- Twitter lists: If you want to follow a large number of new people, try using Twitter lists. With lists, you can track other Twitter users’ updates without having to follow them. The only downside is that you can’t send direct messages to people you don’t follow (or follow you back) but to me, this isn’t a problem 90% of the time.
- Be interesting: As I said above, try and be interesting. This means mixing the types of tweets you send out as well as cadence (try not and flood your tweet stream with tweets too often and try not to go “dark” for long periods of time). The best way to mix tweets is to take a look at your past twenty tweets on Twitter.com. Would you follow you? Are you replying to those that are “@” messaging you? Do you curate good content that you find from news, blog, colleagues, clients and friends? Do you include an occasional picture or video update?
- Don’t get app crazy: While using other applications like Instagram, foursquare, Path, etc. to cross-post to your Twitter account, doing this too often can get annoying. One way to combat this is to consider adding color commentary to your updates for instance if you’re using foursquare to check into a Starbucks (my wife is great at this), let people know what you are getting to drink. Or share a picture of the pastries. Even better, let us know about the guy with the comb over and the eighties style jeans ordering the venti triple soy, extra skinny, two and a half pump no water pumpkin latte.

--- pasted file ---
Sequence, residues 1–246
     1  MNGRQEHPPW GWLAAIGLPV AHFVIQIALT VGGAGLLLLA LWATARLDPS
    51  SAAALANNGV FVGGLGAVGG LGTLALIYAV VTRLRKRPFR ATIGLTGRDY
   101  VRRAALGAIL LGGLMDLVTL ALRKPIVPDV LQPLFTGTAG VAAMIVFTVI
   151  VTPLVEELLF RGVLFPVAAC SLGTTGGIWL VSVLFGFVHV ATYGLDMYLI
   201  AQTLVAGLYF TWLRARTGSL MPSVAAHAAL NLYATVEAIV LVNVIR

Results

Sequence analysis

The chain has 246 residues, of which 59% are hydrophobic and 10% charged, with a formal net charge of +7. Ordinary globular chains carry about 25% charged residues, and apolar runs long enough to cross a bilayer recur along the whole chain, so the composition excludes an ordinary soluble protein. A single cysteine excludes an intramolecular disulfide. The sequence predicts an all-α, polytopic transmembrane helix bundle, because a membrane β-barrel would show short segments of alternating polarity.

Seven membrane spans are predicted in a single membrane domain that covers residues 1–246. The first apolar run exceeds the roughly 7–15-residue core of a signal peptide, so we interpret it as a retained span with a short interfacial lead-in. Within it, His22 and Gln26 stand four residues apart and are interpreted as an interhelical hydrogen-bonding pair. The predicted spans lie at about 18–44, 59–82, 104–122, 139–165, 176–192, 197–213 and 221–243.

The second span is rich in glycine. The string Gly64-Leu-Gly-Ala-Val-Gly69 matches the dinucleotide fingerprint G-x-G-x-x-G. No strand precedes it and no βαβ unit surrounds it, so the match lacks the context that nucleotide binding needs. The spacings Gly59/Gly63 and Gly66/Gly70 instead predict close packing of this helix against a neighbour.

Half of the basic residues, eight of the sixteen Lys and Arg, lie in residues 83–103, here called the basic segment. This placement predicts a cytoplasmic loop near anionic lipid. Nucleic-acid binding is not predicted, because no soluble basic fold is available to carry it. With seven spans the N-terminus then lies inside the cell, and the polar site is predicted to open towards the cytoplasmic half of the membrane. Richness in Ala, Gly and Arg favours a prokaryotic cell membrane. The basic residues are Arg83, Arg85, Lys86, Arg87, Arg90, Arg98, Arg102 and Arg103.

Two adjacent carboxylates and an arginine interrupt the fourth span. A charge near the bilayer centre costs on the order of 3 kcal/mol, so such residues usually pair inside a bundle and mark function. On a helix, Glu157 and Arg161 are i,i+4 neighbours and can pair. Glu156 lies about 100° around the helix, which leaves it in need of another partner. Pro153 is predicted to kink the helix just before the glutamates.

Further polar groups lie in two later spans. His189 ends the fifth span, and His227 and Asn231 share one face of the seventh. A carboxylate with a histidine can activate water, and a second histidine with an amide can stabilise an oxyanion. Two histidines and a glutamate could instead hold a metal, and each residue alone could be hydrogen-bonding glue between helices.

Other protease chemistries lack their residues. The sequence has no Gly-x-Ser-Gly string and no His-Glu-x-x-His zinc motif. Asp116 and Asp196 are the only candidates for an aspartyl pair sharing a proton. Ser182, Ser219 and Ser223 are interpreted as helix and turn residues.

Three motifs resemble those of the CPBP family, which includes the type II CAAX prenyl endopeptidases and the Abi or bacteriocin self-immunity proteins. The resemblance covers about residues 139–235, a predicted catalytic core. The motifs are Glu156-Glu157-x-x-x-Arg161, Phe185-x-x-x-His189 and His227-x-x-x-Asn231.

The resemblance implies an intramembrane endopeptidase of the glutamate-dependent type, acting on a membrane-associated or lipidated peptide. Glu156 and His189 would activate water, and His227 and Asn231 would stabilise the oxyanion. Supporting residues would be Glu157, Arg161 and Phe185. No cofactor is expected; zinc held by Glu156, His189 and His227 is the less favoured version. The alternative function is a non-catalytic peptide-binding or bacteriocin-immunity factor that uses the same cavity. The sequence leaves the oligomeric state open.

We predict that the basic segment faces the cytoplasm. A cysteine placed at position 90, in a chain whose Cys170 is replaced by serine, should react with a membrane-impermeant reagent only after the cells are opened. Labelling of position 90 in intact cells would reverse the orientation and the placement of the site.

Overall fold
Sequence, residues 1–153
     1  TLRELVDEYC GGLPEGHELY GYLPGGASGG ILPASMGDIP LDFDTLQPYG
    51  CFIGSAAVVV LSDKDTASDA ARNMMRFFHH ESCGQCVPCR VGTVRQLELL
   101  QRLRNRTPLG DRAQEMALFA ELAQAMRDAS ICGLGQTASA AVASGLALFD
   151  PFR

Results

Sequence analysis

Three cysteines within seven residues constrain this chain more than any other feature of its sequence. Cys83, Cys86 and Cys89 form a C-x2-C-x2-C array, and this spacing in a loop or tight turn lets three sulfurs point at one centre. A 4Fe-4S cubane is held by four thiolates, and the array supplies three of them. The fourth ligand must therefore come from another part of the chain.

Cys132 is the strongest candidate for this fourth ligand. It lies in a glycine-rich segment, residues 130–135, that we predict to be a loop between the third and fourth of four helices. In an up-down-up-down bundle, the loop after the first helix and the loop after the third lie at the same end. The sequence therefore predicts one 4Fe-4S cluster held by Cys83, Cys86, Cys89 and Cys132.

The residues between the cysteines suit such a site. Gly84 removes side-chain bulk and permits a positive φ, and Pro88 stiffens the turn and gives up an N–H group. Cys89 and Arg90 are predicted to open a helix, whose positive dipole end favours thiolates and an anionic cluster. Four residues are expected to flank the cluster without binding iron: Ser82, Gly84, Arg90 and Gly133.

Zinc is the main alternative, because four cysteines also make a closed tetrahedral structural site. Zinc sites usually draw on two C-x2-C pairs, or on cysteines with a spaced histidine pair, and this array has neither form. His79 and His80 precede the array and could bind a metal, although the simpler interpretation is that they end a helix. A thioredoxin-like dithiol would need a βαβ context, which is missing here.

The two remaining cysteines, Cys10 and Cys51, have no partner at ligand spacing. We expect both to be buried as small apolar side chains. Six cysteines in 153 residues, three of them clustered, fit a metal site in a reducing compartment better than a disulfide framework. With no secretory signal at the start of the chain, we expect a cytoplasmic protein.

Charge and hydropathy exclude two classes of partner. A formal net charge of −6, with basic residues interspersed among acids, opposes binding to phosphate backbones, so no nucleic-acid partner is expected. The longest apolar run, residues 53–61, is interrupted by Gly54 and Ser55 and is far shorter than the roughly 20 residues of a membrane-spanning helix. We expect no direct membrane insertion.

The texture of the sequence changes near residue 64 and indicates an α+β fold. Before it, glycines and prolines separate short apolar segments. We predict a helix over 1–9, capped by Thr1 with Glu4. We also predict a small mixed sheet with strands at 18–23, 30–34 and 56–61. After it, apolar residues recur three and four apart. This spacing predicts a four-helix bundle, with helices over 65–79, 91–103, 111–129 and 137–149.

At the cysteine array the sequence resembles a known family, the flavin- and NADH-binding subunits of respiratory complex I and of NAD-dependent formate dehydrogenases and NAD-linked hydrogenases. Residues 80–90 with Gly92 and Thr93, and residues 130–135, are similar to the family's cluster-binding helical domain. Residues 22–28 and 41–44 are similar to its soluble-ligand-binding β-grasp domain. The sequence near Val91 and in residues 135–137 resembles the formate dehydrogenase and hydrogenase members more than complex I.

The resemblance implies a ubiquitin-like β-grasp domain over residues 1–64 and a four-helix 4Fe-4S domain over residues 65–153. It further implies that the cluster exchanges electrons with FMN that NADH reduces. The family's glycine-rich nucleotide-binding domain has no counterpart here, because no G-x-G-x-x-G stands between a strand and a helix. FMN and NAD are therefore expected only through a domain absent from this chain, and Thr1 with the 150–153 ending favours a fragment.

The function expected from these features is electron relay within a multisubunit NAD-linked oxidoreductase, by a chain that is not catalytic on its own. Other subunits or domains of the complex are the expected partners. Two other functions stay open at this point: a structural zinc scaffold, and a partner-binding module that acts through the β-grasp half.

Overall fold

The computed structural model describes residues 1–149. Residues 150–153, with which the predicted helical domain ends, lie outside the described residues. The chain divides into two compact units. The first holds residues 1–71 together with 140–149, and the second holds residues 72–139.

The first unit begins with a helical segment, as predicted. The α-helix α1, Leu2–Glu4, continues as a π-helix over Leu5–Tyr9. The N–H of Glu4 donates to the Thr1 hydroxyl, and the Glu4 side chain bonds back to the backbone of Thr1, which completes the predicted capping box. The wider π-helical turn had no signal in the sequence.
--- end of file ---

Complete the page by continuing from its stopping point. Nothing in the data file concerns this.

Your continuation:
- Hashtags: Creating and following hashtags on Twitter are a great way to divorce people from content. For instance, during your favorite prime time show like #madmen, try following along to see what other fans are saying about the show. If you are at a conference, nearly all event producers are using hashtags to allow attendees to share highlights. Hint: if you can’t afford to attend conferences in person, following hashtags is a great way to derive some of the best content/presentations from the event.
Looking back over the last five years, it’s hard to limit some of the highlights to less than twenty. But even my dear mother (also on Twitter) might start to yawn after three (okay maybe three). Here are a few memorable moments that stand out:
- Live tweeting the 2007 Red Sox World Series with Shel Israel and several of the folks I mentioned above which in some ways helped codify the use of the #Redsox hashtag.
- Receiving a tweet back from Soundgarden lead singer, Chris Cornell.
- Taking time announce a job change, be introspective, fake retire and fund raise around my 10,000, 20,000 and 40,000 Twitter update milestones.
- Hiring a social media manager via Twitter.
- Raising $1,500 in 24 hours for Movember via 1,600+ RTs (big thanks to friends, Geoff Curtis and Jean-Yves Martineau, for partnering on this effort)
For me, 50,000 updates and nearly five years invested in Twitter has been a life changer. I’ve made thousands of new friends, landed numerous bizdev opportunities, helped provide thought leadership and visibility for now three different companies and finally, a way to truly internalize the serendipity of social media and why it has value well beyond its first appearance. What about you? How has Twitter changed your life or your business?